In the next of our Meet the Maker features, looking at contemporary Shetland craft makers showcased in our current ShetlandMade exhibition, we talk to Deborah Briggs about her work.

Where do you do your work?

I work out of my weaving studio in Bridge End.

What is your background?

I began my career as a scientist working in the field of global public health but have loved textiles and design since I was a child. I began to weave when I realized how closely logic, science, math and weaving blend together to create beautiful textiles. I graduated from the Master Weaver course under the guidance of the Master Weaver Janet Phillips from Somerset in 2015 and have been living and weaving in Shetland since that time.

Who or what do you draw inspiration from? What motivates you to do what you do?

My inspiration comes from the incredible landscape and colours found all through the year in Shetland. Each season brings new landscapes of colour and texture and opportunities for new creative designs.

How do you work, what is your process? What's your favourite part of the process?

I love and am inspired by colour so I begin by thinking about how I want to bring the colours of a new piece together. I think about the hue, tone and value of each of the colours that I want to use in a design and then begin to determine where they will best complement each other as the piece is woven. My very favorite part of the process of weaving a new design is that moment when I know that the colour that I have just added to the design makes the woven piece truly ‘sing’. That is when I know that my design has been successful.

Why do you choose to use the materials that you use? Where do you source your materials?

I use natural fibre for all of my pieces including wool, silk, cotton and linen. I have found that natural fibres bring out the very best in any textile product. I source my wool from the producers in Shetland when possible. I love the texture of the wool produced in Shetland.

Do you have a favourite piece to make?

My favorite piece is almost always the last one that I wove.

What are your most popular pieces?

Visitors love the “Shetland knitting theme” tea towels that I weave. The colourful Shetland wool wall hangings & rugs are also very popular.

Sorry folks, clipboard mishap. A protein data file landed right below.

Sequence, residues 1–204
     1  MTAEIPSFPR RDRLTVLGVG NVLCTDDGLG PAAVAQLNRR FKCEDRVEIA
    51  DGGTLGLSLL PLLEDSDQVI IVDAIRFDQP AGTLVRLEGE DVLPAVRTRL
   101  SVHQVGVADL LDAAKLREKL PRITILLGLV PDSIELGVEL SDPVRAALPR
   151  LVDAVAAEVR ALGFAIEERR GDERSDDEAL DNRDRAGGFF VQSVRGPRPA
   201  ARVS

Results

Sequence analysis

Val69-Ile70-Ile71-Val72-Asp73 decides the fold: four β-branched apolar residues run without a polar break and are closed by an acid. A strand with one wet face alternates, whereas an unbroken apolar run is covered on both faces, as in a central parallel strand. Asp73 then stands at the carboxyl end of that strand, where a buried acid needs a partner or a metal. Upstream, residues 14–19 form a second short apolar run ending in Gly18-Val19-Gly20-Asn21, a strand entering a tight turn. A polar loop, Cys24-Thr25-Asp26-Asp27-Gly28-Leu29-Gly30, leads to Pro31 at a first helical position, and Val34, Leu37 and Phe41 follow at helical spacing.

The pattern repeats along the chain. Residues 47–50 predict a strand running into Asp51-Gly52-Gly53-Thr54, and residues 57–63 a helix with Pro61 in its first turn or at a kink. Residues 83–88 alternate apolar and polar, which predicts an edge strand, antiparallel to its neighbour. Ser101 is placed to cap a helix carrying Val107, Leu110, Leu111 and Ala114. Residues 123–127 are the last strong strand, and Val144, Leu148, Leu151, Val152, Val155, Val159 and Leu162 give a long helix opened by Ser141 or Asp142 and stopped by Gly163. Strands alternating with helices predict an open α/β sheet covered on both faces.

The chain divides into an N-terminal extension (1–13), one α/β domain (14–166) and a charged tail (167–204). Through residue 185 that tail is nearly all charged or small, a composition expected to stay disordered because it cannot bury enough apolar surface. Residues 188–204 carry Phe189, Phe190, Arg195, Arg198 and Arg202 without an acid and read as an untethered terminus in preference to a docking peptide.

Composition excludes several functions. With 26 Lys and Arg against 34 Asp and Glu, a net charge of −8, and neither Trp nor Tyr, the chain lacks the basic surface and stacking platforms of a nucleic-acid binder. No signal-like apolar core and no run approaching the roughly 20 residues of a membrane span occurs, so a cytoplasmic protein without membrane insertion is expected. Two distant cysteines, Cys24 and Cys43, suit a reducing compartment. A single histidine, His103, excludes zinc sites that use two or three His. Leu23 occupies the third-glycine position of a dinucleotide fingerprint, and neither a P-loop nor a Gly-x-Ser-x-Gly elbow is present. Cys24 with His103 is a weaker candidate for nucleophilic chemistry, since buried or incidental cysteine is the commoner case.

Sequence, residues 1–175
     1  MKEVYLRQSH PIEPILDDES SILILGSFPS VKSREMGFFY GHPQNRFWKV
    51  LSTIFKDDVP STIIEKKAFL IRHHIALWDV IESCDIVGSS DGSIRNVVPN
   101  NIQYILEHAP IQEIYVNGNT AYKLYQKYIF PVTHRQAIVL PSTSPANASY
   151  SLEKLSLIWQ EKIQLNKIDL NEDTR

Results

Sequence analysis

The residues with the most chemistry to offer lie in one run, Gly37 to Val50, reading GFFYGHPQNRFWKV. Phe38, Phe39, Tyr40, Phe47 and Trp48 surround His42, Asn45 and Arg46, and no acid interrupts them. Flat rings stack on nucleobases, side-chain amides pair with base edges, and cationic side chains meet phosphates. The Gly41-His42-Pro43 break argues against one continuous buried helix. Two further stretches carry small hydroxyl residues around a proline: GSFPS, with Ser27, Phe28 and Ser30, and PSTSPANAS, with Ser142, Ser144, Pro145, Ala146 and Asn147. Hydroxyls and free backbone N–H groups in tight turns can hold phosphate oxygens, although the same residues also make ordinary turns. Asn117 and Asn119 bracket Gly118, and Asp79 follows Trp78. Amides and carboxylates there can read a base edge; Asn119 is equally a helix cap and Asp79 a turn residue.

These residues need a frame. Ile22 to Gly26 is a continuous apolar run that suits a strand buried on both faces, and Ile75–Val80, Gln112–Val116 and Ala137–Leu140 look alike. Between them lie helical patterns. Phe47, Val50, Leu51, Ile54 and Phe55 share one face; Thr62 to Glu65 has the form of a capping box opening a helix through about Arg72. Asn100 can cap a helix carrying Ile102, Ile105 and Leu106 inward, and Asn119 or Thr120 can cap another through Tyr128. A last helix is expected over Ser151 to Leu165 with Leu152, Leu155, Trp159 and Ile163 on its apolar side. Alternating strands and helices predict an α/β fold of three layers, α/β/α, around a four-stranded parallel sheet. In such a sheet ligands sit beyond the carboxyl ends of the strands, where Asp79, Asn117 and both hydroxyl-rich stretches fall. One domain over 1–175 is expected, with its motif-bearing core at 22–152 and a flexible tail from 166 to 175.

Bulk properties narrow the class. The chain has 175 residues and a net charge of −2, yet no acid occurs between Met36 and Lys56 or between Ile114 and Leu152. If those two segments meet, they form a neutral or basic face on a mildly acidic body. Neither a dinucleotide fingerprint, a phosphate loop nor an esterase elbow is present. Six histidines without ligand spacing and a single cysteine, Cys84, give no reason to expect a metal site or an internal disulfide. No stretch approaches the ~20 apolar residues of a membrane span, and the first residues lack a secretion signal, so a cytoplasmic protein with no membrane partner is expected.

How long does it tend to take you to complete a piece?

It depends on what I am weaving. A blanket can take up to 2 1/2 weeks to weave from beginning to wind the warp to finishing to twist the fringes and block the blanket to the final shape and size.

What does your craft mean to you?

I love weaving. I cannot wait to get up every morning and go to my studio and begin to weave! Obviously, I am addicted to the art of weaving. I constantly think about how lucky I am to live in such a beautiful place and do what I love to do every day of the week. What could be better than that?

Do you make your craft full time or do you have another job?

I spend most of my days, weeks and months weaving.

Art aside, what do you like to do in your spare time?

Reading and gardening.

If you could own another artist’s work, who would you choose? Why?

Very difficult choice as there are so many talented artists in Shetland. We have several pieces designed and produced by Cecil Tate of Paparwark. He is one of my favorite artists in Shetland.

Who are your biggest influences?

The biggest influence on my work is the landscape and colours of Shetland.

What constitutes a successful piece for you?

Perfect design and perfectly woven.

How has your practice changed over time?

I have become more confident in the use of colour in my woven textiles.

What is next for you?

I am hoping to begin to work on incorporating more texture into my future work.

You can see Deborah's work as part of the current set of ShetlandMade exhibitions at Bonhoga Gallery during opening hours Wednesday - Sunday, 10:30am - 4:30pm until the exhibition ends on Sunday 4 September.

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